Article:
In 2013, with kids of their own, they decided to form MakerClub as an organization of equally adventurous parents who wanted their kids to grow up with a confidence for “trying anything.” The club currently meets once a month to teach kids as young as five how to use real tools like power saws and soldering irons. Meetings now regularly sells-out days in advance and topics have included robotics, 3D modelling and screen printing. In 2015 they expanded on the club into a full time business called Tinker Truck serving community events (like Maker Expo!), schools, libraries and even birthday parties. Their goal is to expand the availability of Science and Engineering based children’s programming in Ontario.
Jennifer van Overbeeke
Jen is a local artist / maker. She shares her art through In Paper Dreams, her whimsical papercut greeting card and art business. She also loves building community. You can find her at events throughout the region, making awesome stuff, usually out of cardboard or paper.
You can check out her work online at inpaperdreams.com and get the latest updates on Twitter and Instagram by following @inpaperdreams.
Former Kwartzlab president, community contact for Ubuntu Canada and professional software developer, Darcy is passionate about making Waterloo Region even more awesome than it already is. He’s managed Kwartzlab’s social media accounts since its inception and will be coordinating Maker Expo’s social media presence through the event.
Neil’s dad handed him a hammer to keep him quiet when he was 4. It didn’t work, but it did start a lifelong love of making, fixing and modifying things. He works in wood and metal as a hobby and in electronics and software professionally. He enjoys 3D printing, robotics, photography, home renovation, reading and learning new skills. For the last year or so Neil has been an active member of Kwartzlab where he tries valiantly, if not always successfully, to reign in the chaos in the lab’s woodworking and metal shop.
Neil is an engineer who works as an independent consultant out of Waterloo. He is married and has 3 sons.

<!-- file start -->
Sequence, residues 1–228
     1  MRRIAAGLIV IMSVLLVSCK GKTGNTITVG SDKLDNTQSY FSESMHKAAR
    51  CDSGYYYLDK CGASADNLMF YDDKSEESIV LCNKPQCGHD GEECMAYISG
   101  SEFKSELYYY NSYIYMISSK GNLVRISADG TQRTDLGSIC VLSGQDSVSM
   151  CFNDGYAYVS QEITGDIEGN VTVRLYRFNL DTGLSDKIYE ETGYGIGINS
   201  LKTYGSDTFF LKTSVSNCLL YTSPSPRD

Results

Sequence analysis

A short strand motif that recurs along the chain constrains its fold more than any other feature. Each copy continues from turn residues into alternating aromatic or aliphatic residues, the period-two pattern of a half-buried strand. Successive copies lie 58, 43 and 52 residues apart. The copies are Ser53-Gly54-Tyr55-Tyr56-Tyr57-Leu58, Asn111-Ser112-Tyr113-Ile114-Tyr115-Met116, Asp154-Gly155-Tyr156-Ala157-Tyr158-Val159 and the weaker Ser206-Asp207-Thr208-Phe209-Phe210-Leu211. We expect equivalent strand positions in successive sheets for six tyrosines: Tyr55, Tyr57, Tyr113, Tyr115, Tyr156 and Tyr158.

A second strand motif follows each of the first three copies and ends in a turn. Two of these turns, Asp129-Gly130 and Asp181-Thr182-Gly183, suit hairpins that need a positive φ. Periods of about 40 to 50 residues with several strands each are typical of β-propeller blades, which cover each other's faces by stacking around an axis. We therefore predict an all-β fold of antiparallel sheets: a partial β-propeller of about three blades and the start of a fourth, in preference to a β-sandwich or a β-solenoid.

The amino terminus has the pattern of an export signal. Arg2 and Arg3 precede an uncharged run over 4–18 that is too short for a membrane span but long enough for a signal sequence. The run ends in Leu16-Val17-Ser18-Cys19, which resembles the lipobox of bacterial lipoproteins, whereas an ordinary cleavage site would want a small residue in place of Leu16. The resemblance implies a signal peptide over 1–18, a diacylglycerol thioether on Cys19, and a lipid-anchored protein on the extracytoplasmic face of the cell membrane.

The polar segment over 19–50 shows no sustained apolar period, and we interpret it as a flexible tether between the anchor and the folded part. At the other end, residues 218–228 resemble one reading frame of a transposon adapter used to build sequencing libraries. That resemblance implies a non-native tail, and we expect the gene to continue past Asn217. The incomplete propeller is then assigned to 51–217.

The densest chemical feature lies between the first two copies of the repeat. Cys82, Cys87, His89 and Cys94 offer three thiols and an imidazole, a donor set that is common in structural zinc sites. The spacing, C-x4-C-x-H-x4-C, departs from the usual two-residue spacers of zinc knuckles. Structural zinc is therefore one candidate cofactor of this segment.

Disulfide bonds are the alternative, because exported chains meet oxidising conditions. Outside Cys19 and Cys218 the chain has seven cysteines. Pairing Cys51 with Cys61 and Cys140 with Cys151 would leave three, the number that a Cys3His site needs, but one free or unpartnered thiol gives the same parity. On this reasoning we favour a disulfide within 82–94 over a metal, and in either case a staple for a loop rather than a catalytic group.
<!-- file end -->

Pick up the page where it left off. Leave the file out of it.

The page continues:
At a young age, Ravi saw some robots fighting on TV and thought to himself ‘Man that’s cool’ and suddenly became a maker! That day served to push him into the world of robotics and thus maker life. At age 12 he began building robots, learning the skills of the trade. The robots started small and soft but soon grew to new levels seeking competitions in Toronto as well as the United States. At age 15 he started working at a paintball field, repairing equipment and building a name for himself as one of Toronto’s master tech’s. He finds great personal satisfaction to compete with something he’s built with his own two hands.
Ravi’s education and career path were molded 14 years ago, in front of that TV. Now at 26 years old he is still building and fighting robots that are even bigger and deadlier, competing annually throughout the USA proudly representing Team Canada. During the day he makes waves in the foundry industry as an Mechanical Engineer pushing the envelope of an ancient industry with new technology and radical ideas. Additionally he works closely with the maker community as one of Kwartzlab’s directors and dedicated member. As a heavily involved maker, he seeks new and exciting ways to expand, strengthen, and connect the maker community.
Ravi finds that if you can wash your hands clean at the end of a project it’s because you just weren’t being creative enough — at the very least some scrubbing should be required.
Maker Expo 2018 - Waterloo Region, Ontario